Those born from 1995 onward known as members of the Generation Z or iGeneration are starting to catch the attention of businesses. With growing consuming power, they are the newest entrants to the workforce and already pitted against the millennials. But without resorting to such contrasts and comparisons, let’s take a look at how Gen Z can actually be ripe for finance-related discussions.
Are they really a conservative bunch? How much value do they really put on money? And more importantly, if yes, what are the reasons for their attitude and behavior? Here are a few habits that can help us better understand this new breed of financial whizzes.
They are money-conscious
The oldest of the iGens being 23, their seriousness about money may shock members of the more senior cohorts. One iGen interviewed by Mic said that seeing what happened to friends’ families during the Great Recession, she was careful about saving and spending money. Financial survival was a skill she learned early. But this kind of story does not mean they are pessimistic about their financial future. Research showed that iGens are more optimistic than other generations, with 89% of the respondents saying so. Meanwhile, 83% of millennials and Gen Xers and 78% of baby boomers feel the same.
They are highly individualized
Here, we can compare them a little with the millennials, who prefer the guidance of mentors. On the other hand, Gen Z are quite used to helping themselves. When translated to finding solutions online, if they can’t find alternatives, they will create one. This show of independence may be attributed to their immersion in the digital landscape while growing up. The internet has always been there to give them answers. Over time, they have become more of an expert in Googling answers. At some point, they found the answer through a person their age, someone who is just as skilled in this type of reality. Their normal is a thing to consider when we are introducing financial instruments like investments to them.
They are saving for retirement this early
They use a different approach to money and debt. Some are intentionally choosing a university or college that will not leave them debt-ridden after graduation. Those who are already working are conscious about saving up immediately, so they can later spend more time enjoying the fruits of their hard labor. It is for this reason that they are ripe for discussing the different ways they can grow the value of their money. The importance of time-tested investment techniques will not be lost on them. Still, they have known digital transactions all their life it might be best to reach out to them where they’re at: online. Further, they can be more open to trading bitcoins and other cryptocurrencies.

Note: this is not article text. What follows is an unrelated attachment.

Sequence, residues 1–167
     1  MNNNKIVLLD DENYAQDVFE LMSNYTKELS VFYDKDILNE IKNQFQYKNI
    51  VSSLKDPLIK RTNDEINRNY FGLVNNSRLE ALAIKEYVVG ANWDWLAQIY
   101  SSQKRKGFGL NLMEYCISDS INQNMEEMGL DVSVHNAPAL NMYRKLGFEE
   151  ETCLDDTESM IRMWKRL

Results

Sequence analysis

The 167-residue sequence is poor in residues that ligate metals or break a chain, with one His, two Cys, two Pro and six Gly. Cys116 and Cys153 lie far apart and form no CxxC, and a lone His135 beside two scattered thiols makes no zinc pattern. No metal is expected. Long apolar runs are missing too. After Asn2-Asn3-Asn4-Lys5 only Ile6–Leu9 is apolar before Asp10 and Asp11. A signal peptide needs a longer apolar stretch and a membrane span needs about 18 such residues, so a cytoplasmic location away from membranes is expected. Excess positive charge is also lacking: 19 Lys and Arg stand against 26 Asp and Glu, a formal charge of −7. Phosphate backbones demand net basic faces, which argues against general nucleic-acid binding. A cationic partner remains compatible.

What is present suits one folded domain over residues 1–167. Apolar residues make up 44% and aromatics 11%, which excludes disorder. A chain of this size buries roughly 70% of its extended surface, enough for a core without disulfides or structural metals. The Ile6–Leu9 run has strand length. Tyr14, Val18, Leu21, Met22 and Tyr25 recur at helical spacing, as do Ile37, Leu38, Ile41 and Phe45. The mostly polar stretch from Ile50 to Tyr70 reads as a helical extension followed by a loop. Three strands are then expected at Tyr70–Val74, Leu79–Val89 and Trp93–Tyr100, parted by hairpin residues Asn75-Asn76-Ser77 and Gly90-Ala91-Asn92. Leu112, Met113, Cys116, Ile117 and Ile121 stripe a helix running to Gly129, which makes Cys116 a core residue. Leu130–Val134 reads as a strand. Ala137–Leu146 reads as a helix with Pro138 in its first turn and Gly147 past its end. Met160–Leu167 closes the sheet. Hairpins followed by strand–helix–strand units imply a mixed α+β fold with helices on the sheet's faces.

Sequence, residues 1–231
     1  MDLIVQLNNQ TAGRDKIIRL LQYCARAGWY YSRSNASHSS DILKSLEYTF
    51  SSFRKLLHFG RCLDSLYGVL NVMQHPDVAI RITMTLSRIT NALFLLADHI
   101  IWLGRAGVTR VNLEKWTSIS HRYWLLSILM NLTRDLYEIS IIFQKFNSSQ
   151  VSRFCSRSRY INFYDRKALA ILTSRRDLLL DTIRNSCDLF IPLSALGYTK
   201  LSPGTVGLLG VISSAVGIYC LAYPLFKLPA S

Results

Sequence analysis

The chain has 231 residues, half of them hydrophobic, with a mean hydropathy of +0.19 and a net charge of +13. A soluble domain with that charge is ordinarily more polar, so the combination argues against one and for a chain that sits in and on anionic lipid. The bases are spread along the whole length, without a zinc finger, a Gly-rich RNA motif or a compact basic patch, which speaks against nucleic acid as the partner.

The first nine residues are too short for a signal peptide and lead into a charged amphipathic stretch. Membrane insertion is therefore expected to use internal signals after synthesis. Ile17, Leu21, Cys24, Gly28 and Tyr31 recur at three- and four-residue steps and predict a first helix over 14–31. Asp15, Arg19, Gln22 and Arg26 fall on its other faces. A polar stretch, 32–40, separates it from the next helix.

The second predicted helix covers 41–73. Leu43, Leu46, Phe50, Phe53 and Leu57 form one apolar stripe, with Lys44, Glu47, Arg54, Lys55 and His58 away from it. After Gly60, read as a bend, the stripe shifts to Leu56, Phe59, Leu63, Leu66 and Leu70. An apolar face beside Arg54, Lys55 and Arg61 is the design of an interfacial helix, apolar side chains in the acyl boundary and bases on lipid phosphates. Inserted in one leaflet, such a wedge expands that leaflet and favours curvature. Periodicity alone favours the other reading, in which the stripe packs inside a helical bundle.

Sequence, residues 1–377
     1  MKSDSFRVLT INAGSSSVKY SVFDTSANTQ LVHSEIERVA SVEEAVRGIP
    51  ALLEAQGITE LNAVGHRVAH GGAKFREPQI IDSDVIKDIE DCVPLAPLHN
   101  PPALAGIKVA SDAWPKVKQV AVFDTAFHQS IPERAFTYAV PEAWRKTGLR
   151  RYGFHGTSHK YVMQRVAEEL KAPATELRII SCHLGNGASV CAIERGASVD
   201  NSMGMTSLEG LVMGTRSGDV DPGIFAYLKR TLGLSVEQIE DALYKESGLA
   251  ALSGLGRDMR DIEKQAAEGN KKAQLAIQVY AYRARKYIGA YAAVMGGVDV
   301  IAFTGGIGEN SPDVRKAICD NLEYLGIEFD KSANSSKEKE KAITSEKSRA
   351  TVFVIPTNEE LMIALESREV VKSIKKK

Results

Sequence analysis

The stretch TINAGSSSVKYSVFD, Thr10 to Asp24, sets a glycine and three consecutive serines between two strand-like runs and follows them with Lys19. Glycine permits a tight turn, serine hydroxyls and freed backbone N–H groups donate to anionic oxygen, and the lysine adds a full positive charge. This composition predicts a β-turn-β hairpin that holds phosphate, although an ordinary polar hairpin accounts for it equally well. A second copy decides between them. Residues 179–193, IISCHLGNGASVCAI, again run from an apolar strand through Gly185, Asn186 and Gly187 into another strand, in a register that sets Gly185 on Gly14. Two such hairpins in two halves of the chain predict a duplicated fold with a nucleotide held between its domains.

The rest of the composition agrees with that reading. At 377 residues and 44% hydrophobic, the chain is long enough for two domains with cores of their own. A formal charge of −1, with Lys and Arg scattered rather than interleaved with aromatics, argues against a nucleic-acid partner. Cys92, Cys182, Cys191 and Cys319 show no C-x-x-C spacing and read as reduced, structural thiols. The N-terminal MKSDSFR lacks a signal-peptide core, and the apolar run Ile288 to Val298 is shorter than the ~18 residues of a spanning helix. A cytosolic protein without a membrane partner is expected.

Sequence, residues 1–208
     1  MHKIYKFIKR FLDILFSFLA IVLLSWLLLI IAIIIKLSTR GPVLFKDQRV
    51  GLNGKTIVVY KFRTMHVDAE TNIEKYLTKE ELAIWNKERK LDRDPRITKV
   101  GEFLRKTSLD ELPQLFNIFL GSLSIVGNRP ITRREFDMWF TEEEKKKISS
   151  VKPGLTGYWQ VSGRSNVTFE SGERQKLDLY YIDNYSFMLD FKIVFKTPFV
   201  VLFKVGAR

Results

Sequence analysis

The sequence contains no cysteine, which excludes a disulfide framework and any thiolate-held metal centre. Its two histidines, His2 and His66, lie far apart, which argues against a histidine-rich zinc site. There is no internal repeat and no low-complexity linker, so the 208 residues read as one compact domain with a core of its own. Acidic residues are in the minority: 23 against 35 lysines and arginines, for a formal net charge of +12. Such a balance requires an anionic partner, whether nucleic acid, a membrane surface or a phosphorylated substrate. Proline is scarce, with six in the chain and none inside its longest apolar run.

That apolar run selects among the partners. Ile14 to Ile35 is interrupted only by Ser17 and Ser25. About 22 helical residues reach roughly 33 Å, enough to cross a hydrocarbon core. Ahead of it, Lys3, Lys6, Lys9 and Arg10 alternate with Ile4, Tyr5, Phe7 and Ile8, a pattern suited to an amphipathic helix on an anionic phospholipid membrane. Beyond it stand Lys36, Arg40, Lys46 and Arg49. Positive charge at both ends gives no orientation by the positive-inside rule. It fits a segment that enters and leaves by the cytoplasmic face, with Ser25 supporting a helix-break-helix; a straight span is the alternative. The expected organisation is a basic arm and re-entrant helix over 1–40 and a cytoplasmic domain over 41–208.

They want the best deals
Let us define what the iGens consider as a good deal. For instance, in renting an apartment, this young crowd will look for an array of characteristics such as community spaces and digital connectivity. But they will not stop at those qualities. It is also important to them to save money, and they will use their technological skills to achieve that end. According to ForRent, they will take advantage of instant coupons and online flash sales. This is a behavior that applies not only to buying short-term supplies of goods but also to availing of something that lasts for the mid- or long-term like renting an apartment. It is not far-fetched to think that they will use the same approach to investing.
They think long-term
Lastly, the Gen Z cohort are said to share some of the fastidiousness that is characteristic of individuals born during the Great Depression. Although they have been raised in a society that is replacing cash carrying with card swiping, even more than that, they are smart about spending. In betting for their financial future, they will be likely just as conscious. They are already revealed to be less impulsive than Gen-Xers.
Getting to know the youngest members of the workforce can give us an idea on how to craft messages that speak to a wider audience. It will also prove valuable to listen to their thoughts, as we discover they know a thing or two about experiencing a melt-up in their still short years in life.
Frontpage September 8, 2018